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Author Topic: Praying for people of other religions  (Read 4508 times)

sea-salt

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Praying for people of other religions
« on: December 28, 2014, 05:34:22 pm »
Hopefully this is the right place for this sort of question.

Should I have any ethical concerns about praying for someone of another religion? Is it, for example, disrespectful to pray for someone to a god they most certainly don't believe in?

The reason I'm asking is because I'd like to pray for - of all people - a Catholic nun. She was one of my teachers in elementary school and she is one of the kindest, most caring people I've ever met. She was one of the best teachers I've ever had, too.

I bumped into her today for the first time in almost 10 years, in what was either an unbelievable coincidence or a meeting that somebody's god wanted to happen. ("Yay God!" to quote her.) I found out that she's been going through a very difficult time, and she asked me to keep her in my prayers.

I'd be more than happy to say some prayers for her to help her get through this tough time, but I've never really said a prayer "for" anyone else - least of all a Catholic nun - for any specific reason, other than "keep my family safe" and general things like that. Are there any "do's" or "don'ts" I should be aware of?

Valeria Crowe

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Re: Praying for people of other religions
« Reply #1 on: December 28, 2014, 05:50:37 pm »
Quote from: sea-salt;168235
Hopefully this is the right place for this sort of question.

 
Well, she DID ask. Be careful what you wish for, mwahahaha...

Seriously, your profile says your worship a many faced goddess. Why not address your prayers to the virgin mary, as a face of said goddess? An acceptable compromise.
"This is a sorrow-spider. Which end do you hold it by? TRICK QUESTION!"

sea-salt

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Re: Praying for people of other religions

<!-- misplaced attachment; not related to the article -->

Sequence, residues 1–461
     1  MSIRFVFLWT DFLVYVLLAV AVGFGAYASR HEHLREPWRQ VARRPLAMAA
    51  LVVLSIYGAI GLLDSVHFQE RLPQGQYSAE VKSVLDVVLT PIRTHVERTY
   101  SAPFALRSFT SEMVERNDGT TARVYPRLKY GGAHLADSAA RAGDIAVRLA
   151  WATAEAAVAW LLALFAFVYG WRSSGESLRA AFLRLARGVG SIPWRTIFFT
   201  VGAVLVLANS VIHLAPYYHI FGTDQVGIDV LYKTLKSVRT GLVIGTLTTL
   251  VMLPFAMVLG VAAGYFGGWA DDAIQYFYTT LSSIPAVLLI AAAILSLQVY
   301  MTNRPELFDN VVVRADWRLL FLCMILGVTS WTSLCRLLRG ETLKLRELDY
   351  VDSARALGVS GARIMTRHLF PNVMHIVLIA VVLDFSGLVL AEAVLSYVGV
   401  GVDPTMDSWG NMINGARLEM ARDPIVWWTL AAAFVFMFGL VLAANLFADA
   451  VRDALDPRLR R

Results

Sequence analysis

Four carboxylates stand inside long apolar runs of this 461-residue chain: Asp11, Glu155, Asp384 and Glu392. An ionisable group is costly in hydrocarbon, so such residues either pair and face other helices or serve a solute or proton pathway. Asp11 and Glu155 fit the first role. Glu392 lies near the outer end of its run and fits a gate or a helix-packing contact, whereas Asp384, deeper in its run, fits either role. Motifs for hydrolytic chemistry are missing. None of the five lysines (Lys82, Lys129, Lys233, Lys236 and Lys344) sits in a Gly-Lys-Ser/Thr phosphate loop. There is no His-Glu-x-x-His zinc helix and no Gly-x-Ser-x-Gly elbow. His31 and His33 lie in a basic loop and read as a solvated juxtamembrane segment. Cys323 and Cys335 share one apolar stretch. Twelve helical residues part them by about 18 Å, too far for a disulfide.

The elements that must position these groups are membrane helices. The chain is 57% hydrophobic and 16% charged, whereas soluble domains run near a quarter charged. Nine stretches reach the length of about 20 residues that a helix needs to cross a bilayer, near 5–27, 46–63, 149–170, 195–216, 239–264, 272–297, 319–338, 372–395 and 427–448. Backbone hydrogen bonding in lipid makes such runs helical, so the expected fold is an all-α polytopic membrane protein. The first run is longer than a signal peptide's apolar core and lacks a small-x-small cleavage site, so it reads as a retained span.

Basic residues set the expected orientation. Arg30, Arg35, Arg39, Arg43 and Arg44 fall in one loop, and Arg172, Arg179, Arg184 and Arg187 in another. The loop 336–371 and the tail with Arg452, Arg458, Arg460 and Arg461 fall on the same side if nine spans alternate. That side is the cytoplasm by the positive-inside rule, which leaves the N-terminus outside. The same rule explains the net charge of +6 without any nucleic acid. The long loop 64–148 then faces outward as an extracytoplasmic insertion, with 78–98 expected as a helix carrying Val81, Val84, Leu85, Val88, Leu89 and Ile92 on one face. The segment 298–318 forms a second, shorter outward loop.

« Reply #2 on: December 28, 2014, 06:21:32 pm »
Quote from: Cuthwin Crowe;168239
Well, she DID ask. Be careful what you wish for, mwahahaha...

Seriously, your profile says your worship a many faced goddess. Why not address your prayers to the virgin mary, as a face of said goddess? An acceptable compromise.

 
You say that like you think I'm not really trying to help her.

I personally wouldn't consider praying to Mary because she isn't a goddess, but I see what you're getting at. I recently started working with Brighid, so maybe praying to her as St. Brigit would be appropriate?

NiDara

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Re: Praying for people of other religions
« Reply #3 on: December 28, 2014, 09:45:14 pm »
Quote from: sea-salt;168242
You say that like you think I'm not really trying to help her.

I personally wouldn't consider praying to Mary because she isn't a goddess, but I see what you're getting at. I recently started working with Brighid, so maybe praying to her as St. Brigit would be appropriate?

I think so. Brighid is a goddess of healing, and there's some evidence that St. Brigit might be an avatar of Her or is otherwise related to Brighid. St. Brigit was considered to be "Mary of the Gaels", so it works.
« Last Edit: December 28, 2014, 09:46:46 pm by Nic an Dair »

Valeria Crowe

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Re: Praying for people of other religions
« Reply #4 on: December 28, 2014, 10:57:12 pm »
Quote from: sea-salt;168242
You say that like you think I'm not really trying to help her.

 
I'm not sure where you got that impression from. My suggestion was serious.

I may have derived humor from the idea of a nun discovering a pagan is praying to her goddess for her, but that's all. I don't doubt your sincerity.